Eventually, David decided to stop writing for Multiversity Comics. “One of the things about comic sites, at least with the bigger ones, is that a lot of them fall into the same content traps that come with a banner ad-driven world, in that they have to produce a lot of content. And for comics, that often means writing lots of reviews, running lots of previews of upcoming comics, running interviews that aren't necessarily very in-depth or interesting.” David didn’t want to get stuck in that content mill in perpetuity. “I would probably have felt like that was a waste of time and not a good usage of my skills.”
For his next act, David decided he wanted to slow things down and publish more in-depth content. “I started a site called SKTCHD (pronounced Sketched) and a podcast called Off Panel. The podcast is basically just me having conversations with comic creators, journalists, comic shop owners, people who are adjacent to the industry, things of that sort.” His website features longform, well-researched articles about comics and the people behind it.
David’s podcast was an instantaneous success; the first episode featured an interview with a well-known comics writer, and it got written up by major comic book news sites. Apple Podcasts also featured it on its recommendations page. “That resulted in my podcast being ranked 80th in the entire world for a small amount of time.” While most podcasters have to slowly build up their audiences over time, he had a strong listener base from the very beginning.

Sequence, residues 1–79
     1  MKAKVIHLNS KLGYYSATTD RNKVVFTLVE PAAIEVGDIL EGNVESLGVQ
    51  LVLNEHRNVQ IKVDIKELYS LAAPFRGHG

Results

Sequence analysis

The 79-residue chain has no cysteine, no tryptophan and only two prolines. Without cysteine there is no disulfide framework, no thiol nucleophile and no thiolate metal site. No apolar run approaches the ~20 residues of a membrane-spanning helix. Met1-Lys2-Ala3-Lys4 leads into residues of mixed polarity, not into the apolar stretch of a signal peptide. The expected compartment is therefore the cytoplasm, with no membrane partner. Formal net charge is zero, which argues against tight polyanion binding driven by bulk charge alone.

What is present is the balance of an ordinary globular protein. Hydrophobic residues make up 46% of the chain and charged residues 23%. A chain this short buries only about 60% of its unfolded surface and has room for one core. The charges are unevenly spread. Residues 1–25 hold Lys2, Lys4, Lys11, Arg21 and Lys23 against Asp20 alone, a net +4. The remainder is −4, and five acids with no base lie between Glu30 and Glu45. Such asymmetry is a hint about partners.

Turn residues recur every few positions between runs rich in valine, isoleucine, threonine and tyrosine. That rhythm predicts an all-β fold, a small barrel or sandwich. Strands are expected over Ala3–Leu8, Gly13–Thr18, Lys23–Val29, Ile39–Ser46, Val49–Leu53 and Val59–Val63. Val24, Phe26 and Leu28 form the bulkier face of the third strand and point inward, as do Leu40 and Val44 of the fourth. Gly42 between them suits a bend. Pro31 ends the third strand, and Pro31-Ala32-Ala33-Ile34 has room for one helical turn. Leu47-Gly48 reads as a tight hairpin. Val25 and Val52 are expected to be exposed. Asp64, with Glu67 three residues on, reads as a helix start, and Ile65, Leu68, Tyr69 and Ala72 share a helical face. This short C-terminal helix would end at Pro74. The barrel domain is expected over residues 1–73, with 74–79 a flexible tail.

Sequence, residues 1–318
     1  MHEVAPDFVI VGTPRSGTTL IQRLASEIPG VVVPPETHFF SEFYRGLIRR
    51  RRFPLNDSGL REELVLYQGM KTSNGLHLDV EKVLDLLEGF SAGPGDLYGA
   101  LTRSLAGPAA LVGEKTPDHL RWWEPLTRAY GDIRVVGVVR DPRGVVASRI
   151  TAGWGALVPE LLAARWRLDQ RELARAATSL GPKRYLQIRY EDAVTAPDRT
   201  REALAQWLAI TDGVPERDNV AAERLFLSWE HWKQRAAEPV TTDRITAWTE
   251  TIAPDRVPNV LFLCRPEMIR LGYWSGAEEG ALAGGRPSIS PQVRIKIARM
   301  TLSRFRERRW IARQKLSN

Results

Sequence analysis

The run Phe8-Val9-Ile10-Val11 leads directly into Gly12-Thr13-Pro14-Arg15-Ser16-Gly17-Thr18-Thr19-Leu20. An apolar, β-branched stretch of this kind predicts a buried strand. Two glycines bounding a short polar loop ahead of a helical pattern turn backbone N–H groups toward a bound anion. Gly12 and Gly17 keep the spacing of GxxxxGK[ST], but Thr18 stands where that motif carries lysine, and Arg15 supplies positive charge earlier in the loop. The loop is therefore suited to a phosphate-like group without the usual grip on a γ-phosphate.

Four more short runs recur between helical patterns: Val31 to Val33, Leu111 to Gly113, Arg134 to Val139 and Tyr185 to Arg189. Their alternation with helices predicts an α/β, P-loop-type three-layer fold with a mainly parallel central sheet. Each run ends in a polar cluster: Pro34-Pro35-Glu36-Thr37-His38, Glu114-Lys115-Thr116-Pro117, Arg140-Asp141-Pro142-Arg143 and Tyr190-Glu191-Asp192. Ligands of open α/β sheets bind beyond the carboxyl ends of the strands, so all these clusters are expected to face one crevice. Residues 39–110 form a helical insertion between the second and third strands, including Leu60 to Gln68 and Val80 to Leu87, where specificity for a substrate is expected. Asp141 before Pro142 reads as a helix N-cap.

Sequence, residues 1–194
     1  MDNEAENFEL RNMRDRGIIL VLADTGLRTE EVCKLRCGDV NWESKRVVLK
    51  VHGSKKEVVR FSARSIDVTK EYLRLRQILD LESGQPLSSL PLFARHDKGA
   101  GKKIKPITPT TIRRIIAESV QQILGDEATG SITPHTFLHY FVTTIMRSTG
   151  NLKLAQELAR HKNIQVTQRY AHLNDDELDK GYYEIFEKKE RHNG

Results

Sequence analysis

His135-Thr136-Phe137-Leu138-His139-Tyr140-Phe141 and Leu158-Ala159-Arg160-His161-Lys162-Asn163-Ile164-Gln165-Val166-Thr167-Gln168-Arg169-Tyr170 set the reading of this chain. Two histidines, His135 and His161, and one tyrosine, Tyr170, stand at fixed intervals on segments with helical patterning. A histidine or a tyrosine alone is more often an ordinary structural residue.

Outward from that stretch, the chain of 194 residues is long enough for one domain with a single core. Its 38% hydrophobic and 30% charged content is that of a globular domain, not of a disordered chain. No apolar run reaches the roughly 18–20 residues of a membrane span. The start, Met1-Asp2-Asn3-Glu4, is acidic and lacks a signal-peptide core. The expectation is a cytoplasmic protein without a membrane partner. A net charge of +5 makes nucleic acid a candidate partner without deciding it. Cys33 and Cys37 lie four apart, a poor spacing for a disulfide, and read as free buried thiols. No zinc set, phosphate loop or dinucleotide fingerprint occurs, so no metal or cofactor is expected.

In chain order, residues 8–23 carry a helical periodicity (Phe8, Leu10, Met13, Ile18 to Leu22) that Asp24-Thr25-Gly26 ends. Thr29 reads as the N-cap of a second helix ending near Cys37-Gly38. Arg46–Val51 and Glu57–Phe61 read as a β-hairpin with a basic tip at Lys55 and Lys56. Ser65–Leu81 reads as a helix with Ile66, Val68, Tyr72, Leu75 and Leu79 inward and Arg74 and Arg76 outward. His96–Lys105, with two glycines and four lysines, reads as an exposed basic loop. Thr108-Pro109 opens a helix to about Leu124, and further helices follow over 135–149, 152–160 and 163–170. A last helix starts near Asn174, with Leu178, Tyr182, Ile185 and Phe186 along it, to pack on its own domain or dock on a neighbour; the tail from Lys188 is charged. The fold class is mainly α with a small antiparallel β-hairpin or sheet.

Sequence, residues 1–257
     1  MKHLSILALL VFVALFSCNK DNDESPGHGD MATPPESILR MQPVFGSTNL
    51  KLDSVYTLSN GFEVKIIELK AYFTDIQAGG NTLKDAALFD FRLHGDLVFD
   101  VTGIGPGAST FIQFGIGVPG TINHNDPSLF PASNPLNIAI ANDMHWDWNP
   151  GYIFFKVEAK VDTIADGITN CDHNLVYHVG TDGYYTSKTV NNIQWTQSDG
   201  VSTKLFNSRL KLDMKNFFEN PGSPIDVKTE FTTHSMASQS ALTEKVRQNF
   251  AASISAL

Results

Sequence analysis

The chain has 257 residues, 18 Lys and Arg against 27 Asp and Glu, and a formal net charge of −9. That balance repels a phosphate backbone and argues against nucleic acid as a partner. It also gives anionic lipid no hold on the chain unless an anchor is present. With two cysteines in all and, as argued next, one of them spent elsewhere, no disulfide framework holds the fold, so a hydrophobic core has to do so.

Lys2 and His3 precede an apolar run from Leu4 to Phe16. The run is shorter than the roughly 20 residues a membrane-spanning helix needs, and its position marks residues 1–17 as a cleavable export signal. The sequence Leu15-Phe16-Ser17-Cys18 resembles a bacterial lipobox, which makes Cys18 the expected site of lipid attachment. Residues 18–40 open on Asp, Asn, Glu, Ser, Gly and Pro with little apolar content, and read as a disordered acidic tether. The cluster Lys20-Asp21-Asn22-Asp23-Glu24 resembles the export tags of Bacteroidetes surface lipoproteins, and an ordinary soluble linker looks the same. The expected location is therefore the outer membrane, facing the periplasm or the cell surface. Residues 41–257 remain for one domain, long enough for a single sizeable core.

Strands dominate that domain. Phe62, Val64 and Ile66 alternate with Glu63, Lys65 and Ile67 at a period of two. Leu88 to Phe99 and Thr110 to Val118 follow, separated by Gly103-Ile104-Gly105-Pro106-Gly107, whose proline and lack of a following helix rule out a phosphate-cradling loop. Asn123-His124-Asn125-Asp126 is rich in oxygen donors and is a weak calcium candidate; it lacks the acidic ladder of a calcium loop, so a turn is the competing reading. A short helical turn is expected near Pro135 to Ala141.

Monetizing his audience
For his first several years of creating content about comic books, David didn’t make a dime, partly because he wasn’t all that interested in advertising-based business models. But a few years ago he started to notice that more and more creators were successfully convincing their audiences to pay for content. He eventually launched a Patreon account and installed Memberful on his website.
The Patreon has several payment tiers and offers up things like early access to episodes and the ability to submit questions for guests. For SKTCHD, David locks most of his articles behind a hard paywall. Each day he publishes an article under a different theme. “Tuesday is normally when I publish a longform feature article that I’ve been working on for some length of time. On Wednesdays I publish what I call The Pull. It’s an article where I share my recommendations and curiosities from the week. On Thursdays, I normally have a column or an interview or something where I get to mess around and be silly. And then on Friday, instead of writing about news, I have a column I call Comics Disassembled, where I look at ten things I liked or didn’t like from the week of comics.”
The Patreon generates about $842 per month, and SKTCHD subscriptions are steadily growing. His subscriber base is divided somewhat evenly between fans and those who work in the industry. “I would say probably 60% of subscribers are probably in the industry in some capacity and the rest of them are just enthusiastic readers. A lot of the people who subscribe have been following me for a long time. They subscribed to my newsletter after I left Multiversity. They've been podcasts listeners. It’s been 10 years in the making.”
David doesn’t have any big secrets for how he converts subscribers. “I have a very Field of Dreams view on it: ‘If you build it, they will come.’ And so far I have, thankfully, been largely proven correct.”